TheNigerianVoice Online Radio Center

8-Year-Old Bride Dies of Sex on First Wedding Night

Source: pointblanknews.com


An eight-year-old bride in Yemen died from internal injuries on her wedding night, bleeding to death after deep tearing caused by sex with her
40 year old husband.

The girl, identified only by the name Rawan, died in Hardh in the governorate of Hajjah in northwestern Yemen, according to a report issued
by UPI on Sunday, Sept. 8. Activists in the region want to put an end to the practice of marrying young girls, and have called for police to arrest the girl’s husband and family.

Nevertheless, the forced marriage of child brides in Yemen remains a socially accepted custom in many rural areas. Indeed, the practice has
deep cultural and religious roots, and is widespread in Yemen.

A February 2009 law set the minimum age for marriage at 17, but it was repealed after some conservative lawmakers called it un-Islamic.

In particular, a prominent Islamic cleric, Abdulmajeed al-Zindani, issued a fatwa in support of the practice, declaring supporters of a ban on child brides to be apostates, and ultimately leading a successful campaign against legislation that would prevent adult men from marrying children.

The issue of Yemen’s child bride problem made headlines three years ago when an 8-year-old girl went to court, demanding a judge dissolve her
marriage to a man in his 30s. The girl eventually won a divorce, and legislators began looking at ways to curb the practice. However, they have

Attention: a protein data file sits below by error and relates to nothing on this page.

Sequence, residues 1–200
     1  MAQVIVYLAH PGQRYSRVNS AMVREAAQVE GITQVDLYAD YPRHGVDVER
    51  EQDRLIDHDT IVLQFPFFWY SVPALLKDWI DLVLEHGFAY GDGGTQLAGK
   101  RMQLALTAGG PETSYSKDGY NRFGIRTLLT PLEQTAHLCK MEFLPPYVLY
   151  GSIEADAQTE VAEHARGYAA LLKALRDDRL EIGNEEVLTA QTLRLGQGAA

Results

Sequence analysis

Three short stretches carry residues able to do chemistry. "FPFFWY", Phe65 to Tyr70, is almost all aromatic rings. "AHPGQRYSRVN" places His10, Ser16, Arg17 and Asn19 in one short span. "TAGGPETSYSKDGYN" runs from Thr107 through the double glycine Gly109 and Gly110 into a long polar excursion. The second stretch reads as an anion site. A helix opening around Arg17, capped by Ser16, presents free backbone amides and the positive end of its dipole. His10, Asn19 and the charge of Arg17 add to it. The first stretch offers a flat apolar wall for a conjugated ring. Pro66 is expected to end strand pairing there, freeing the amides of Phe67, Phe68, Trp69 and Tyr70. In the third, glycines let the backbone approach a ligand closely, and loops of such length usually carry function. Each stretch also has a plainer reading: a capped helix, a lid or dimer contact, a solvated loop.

so far been unsuccessful.

Currently the law states that parents should decide when a daughter marries. Unfortunately, reports indicate more than a quarter of Yemen's
females marry before age 15.

An eight year old bride in Yemen died from internal injuries on her wedding night, bleeding to death after deep honeypotl tearing caused by
sex with her 40 year old husband.

The girl, identified only by the name Rawan, died in Hardh in the governorate of Hajjah in northwestern Yemen, according to a report issued
by UPI on Sunday, Sept. 8. Activists in the region want to put an end to the practice of marrying young girls, and have called for police to arrest the girl’s husband and family.

Nevertheless, the forced marriage of child brides in Yemen remains a socially accepted custom in many rural areas.Indeed, the practice has deep
cultural and religious roots, and is widespread in Yemen. A February 2009 law set the minimum age for marriage at 17, but it was repealed after some conservative lawmakers called it un-Islamic.

In particular, a prominent Islamic cleric, Abdulmajeed al-Zindani, issued a fatwa in support of the practice, declaring supporters of a ban on child brides to be apostates, and ultimately leading a successful campaign against legislation that would prevent adult men from marrying children.

The issue of Yemen’s child bride problem made headlines three years ago when an 8-year-old girl went to court, demanding a judge dissolve her
marriage to a man in his 30s. The girl eventually won a divorce, and legislators began looking at ways to curb the practice. However, they have
so far been unsuccessful.

Currently the law states that parents should decide when a daughter marries. Unfortunately, reports indicate more than a quarter of Yemen's
females marry before age 15.